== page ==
I am writing on behalf of a person I have only met a few times but her positive attitude under such sad circumstances has left a lasting impression on me and on everyone who knows her. She is a 24 year old single mother with two young sons. Her life, and the lives of her two and four year old sons, changed forever when her oldest son was diagnosed with a rare childhood cancer. Here is Susan’s story.
In February 2014, her four year son was diagnosed with Neuroblastoma stage 4 cancer with an unfavorable tumor. He was given a 63% chance of survival. He had a 9cm by 5cm tumor in his abdomen. Another tumor filled up his whole sinus cavity. The tumor swelled up around his optic nerve, causing him to go blind in his right eye. More scans showed cancer in his hips, thighs, legs, spine, shoulders, and the skull where the tumor was resting. There was cancer in numerous lymph nodes, as well. Joshuah has undergone surgery to remove the tumor in his abdomen. He endured 5 rounds of chemotherapy and 12 consecutive days of radiations to his head and abdomen. In July, he had a bone marrow transplant. They spend weeks at a time in the hospital. As a result, she had to quit her job and drop out of college in order to be with her son during his many hospital stays. She has to leave her two year old son, Kevin, with relatives for weeks at a time so that she can stay with Joshuah through his painful treatments and surgeries. It’s extremely difficult for her to be separated from Kevin so often. He is too young to understand why she has to leave so often and he doesn’t understand why she always takes Joshuah with her. It’s even harder when Kevin is sick because then she has to choose which sick child she should be with.
Susan is struggling financially. With no job, she struggles to pay her bills. It is 110 miles round trip to the hospital, so money for gas is a big problem. Her car is 10 years old and the frequent trips back and forth are taking its toll on her car. There have been several times when Joshuah had a fever and Susan had to call a relative to take them to the hospital because her car wasn’t running or she didn’t have money for gas. The fevers are a sign of a dangerous infection in the lines that deliver the medicines throughout his body. These infections can damage his heart in a very short period of time. They also cause major setbacks in his treatment plans and can even result in death.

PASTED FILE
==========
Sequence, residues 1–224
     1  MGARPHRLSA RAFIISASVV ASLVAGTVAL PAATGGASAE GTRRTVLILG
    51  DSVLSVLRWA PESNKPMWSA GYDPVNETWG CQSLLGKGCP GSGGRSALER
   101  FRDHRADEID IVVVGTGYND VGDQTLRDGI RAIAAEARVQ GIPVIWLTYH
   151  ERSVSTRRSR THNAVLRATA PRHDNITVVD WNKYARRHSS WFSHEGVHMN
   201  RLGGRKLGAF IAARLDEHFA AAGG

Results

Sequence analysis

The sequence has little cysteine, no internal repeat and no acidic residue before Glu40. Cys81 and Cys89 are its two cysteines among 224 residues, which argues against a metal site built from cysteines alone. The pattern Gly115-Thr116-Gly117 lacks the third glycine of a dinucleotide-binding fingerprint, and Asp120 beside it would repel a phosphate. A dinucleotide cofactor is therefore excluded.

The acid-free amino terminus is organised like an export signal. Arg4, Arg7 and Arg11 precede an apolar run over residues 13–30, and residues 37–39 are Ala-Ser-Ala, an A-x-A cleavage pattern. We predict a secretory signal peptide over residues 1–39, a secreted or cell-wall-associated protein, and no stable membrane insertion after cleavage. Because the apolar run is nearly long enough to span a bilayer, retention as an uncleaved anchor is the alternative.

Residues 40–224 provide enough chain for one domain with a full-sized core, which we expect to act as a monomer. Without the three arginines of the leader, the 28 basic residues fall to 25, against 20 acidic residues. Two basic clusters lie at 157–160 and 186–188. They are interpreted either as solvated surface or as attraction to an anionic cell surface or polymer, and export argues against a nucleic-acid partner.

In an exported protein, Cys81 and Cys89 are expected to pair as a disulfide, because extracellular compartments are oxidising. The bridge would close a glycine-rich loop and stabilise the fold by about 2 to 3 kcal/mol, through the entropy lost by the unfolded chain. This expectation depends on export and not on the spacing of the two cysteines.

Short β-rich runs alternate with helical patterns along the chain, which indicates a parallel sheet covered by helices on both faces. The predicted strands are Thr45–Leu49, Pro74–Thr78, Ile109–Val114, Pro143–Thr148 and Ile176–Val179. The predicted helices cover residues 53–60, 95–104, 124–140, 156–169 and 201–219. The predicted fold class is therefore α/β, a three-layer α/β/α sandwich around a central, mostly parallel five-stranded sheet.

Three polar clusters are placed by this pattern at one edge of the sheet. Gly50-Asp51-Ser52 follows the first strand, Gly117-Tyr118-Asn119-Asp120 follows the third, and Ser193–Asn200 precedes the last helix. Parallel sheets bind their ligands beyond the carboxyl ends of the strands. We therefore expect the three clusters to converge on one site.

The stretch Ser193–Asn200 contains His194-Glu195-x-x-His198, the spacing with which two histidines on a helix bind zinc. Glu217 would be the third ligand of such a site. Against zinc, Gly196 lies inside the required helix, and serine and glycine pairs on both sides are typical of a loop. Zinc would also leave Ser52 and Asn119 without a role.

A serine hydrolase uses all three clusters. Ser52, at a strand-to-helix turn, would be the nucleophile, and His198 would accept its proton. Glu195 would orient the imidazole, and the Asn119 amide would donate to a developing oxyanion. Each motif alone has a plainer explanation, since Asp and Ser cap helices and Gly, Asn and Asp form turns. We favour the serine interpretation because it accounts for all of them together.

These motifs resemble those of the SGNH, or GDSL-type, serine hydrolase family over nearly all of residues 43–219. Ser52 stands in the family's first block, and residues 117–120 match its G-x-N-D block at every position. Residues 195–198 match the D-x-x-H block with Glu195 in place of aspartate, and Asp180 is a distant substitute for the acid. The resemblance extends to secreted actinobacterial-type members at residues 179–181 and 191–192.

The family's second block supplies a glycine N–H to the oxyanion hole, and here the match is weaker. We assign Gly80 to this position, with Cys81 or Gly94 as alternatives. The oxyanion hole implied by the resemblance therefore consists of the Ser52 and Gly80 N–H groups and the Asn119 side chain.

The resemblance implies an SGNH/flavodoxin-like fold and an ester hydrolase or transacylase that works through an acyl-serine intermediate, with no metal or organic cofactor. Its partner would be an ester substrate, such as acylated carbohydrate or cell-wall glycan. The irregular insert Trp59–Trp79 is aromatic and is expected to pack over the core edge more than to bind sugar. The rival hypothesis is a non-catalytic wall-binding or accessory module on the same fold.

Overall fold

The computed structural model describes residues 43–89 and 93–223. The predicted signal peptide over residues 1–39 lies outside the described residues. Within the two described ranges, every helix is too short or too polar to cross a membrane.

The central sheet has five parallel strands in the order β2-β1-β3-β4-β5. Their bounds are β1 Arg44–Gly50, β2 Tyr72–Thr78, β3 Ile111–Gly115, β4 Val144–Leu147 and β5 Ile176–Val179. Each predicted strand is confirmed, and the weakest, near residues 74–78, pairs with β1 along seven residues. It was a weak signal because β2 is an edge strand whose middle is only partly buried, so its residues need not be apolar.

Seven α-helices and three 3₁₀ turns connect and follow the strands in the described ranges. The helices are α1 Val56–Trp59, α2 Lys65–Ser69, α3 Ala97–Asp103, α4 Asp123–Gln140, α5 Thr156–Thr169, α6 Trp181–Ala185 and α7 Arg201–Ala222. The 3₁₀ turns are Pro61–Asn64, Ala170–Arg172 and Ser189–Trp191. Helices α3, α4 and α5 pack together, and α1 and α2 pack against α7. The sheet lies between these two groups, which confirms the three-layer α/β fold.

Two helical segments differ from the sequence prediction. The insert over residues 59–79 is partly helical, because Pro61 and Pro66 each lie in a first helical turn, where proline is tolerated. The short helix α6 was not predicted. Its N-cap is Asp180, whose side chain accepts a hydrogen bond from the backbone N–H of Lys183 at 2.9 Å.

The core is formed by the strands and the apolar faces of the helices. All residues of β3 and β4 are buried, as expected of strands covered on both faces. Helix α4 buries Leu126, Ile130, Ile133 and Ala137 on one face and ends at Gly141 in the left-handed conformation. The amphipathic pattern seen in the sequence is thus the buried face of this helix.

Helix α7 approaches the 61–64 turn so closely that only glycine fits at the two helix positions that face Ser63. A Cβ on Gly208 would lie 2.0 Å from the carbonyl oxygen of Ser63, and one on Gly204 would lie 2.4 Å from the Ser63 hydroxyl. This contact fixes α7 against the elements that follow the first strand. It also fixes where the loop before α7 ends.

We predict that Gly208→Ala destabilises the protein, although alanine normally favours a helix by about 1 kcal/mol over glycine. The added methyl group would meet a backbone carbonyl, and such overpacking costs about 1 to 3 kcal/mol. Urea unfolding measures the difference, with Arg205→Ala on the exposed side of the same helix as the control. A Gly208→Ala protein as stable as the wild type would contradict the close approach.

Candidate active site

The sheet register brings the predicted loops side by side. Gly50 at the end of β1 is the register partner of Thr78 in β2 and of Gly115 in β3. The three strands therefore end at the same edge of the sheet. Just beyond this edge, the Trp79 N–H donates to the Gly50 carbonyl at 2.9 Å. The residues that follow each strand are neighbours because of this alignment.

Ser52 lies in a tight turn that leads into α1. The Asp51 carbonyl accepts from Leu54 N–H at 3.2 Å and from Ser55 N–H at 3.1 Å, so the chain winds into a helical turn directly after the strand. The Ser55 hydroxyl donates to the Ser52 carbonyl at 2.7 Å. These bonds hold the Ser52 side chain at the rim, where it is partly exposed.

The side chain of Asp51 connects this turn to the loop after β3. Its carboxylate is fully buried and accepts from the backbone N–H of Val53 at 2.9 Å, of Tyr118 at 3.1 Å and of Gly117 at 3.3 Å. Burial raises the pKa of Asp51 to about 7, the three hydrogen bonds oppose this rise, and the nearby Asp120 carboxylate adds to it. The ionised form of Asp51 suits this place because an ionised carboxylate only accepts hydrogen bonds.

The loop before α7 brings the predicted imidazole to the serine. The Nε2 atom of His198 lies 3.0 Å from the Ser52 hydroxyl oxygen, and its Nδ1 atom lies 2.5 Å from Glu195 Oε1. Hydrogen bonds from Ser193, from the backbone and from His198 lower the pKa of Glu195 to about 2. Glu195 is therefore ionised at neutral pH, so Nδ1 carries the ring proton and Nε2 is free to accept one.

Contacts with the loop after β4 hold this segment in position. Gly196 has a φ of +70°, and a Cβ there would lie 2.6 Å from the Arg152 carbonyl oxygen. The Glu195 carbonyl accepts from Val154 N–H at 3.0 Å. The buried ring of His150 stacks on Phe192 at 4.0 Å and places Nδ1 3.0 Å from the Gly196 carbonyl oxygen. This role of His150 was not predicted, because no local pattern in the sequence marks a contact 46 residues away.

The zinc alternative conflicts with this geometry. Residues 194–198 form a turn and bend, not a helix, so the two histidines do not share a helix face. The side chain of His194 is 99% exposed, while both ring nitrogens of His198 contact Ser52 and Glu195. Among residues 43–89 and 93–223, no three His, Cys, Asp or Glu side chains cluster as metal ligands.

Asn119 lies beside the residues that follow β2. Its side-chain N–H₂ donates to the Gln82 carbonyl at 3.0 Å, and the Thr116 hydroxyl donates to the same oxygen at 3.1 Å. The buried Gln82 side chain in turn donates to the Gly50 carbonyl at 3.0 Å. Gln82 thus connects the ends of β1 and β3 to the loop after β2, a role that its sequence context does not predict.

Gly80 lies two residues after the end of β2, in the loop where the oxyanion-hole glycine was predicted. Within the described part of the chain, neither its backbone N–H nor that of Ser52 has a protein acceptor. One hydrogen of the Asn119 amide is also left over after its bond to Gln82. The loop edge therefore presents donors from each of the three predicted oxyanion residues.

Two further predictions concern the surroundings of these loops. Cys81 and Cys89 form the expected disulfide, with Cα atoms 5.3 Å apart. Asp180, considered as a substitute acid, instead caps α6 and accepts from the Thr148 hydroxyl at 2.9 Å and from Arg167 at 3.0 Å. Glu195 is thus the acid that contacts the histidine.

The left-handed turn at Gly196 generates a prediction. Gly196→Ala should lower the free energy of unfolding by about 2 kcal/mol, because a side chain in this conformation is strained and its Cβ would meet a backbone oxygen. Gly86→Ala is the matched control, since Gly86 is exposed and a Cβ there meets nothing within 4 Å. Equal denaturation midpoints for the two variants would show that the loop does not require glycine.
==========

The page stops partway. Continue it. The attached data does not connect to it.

In June, tests showed that Joshuah was in remission. The doctors at Children’s Hospital are calling it a miracle. The cancer in this bones, lymph and tumors are gone. But Joshuah’s journey is far from over. He is currently receiving Immunotherapy. This therapy is much harder on his body than the chemotherapy was. Without this treatment, his chance of survival is only 43%.
Joshuah will have lifelong disabilities. He is now blind in one eye and the treatments have damaged his hearing so he is currently in the process of getting hearing aids. Only time will tell what other damage has been done to his body from the large amounts of chemo and radiation. There is also the chance that the cancer will return. A mother’s greatest fear is losing one of her children. Susan has to live with this fear constantly. She worries that any bump could be another tumor or another fever could be a fatal infection.
The remarkable thing about Susan and Joshuah is their spirit and their compassion for others who are sick. He is such a happy and cheerful little boy. He has endured more pain that most adults ever will and he does it without complaining. He is a very brave little boy. Susan says he is her hero.
Susan is living a parent’s worst nightmare, and she is doing it with so many other things to worry about. She struggles to pay for food, gas, utilities and any extras the kids might need, yet she always has a positive attitude. She has faith that Joshuah will beat this cancer. If you asked her what she wants most, besides a cure for her son, it wouldn’t be for money or a new car. It would be to bring awareness to childhood cancer in order to save other children. Everyone knows what a pink ribbon stands for but no one knows what a gold ribbon stands for.
Thank you for all of your love and support!
Your generosity will forever change the lives of three very special people.
We have a P.O box set up for the family as well. Joshuah can receive cards also.
P.O Box 120
Holly, MI 48442
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